Scouts take an oath in which they vow to be accountable to God, their families and to do good to all people all at times.

"He assumes a motto: to do a good turn daily," Robert said. "And then his slogan is 'be prepared.' "

To qualify for their final badge, each teen was required to complete a project to demonstrate their leadership ability.

"He has to find an opportunity where he can benefit somebody and he's on his own," Robert Quirk said. "He has to find a cause that he can provide for, then he asks what he can do to approach the community and say, 'Can I serve you in this way?' "

The scout is responsible for raising the funds, setting the date and time, recruiting other scouts and deciding on the techniques and solutions to fulfill that need. Scouts are accountable to the scout office on how they accomplished their task, how it benefited the community and assess what they personally learned from the project.

Among the scouts earning their Eagle this Sunday is Reed McCue, 18.

"I learned a lot of things like leadership, life-saving skills and personal management," McCue said. "It prepares for you for life and things ahead that are really useful."

For his project, McCue worked on the community's parks.

"I chose a few parks around the neighborhood and decided to finish the wood on the playground equipment," he said.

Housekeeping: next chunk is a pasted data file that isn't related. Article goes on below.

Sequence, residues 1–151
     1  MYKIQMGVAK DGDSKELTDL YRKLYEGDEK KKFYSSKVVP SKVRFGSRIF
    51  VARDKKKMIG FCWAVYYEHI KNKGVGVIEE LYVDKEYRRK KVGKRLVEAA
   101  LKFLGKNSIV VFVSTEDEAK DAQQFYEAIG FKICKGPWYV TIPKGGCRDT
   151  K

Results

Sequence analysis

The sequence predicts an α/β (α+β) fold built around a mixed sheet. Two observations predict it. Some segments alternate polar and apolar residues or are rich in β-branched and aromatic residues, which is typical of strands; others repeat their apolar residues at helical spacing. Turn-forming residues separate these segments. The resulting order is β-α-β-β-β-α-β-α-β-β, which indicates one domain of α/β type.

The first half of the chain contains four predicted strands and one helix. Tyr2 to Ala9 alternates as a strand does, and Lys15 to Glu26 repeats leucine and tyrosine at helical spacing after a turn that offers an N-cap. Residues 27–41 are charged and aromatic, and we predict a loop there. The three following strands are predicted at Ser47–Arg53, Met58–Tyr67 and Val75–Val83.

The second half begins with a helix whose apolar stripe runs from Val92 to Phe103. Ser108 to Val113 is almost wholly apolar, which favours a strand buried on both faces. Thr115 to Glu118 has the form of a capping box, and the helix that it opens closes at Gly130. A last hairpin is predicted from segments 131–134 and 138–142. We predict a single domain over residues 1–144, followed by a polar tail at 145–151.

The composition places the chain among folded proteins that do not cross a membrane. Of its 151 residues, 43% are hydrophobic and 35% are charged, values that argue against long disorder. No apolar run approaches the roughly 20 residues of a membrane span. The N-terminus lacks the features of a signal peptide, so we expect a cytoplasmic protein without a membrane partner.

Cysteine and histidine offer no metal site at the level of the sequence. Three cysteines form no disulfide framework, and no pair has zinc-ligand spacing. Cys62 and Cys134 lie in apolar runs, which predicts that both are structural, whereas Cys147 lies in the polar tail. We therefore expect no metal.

After graduation, McCue plans to go on a mission for his church, return home and study for a master's degree in law enforcement and eventually join the Secret Service.

Fellow scout Andrew Hansen, now 18, joined the Cub Scouts at age 8.

"There's a lot of things I know a little bit about," Hansen said of his experience in scouting. "One of the biggest things I learned was toward the end, about a month away from turning 18, I still had a lot to go and you just have to keep going until you get away even though it seems far away. You finish it and it'll be worth it."

Hansen recruited friends to repaint backstops of the baseball fields at Shadow Mountain Park on Labor Day after he noticed they were deteriorating. He said helping out with maintenance work was a favor to city employees who have other pressing projects to complete.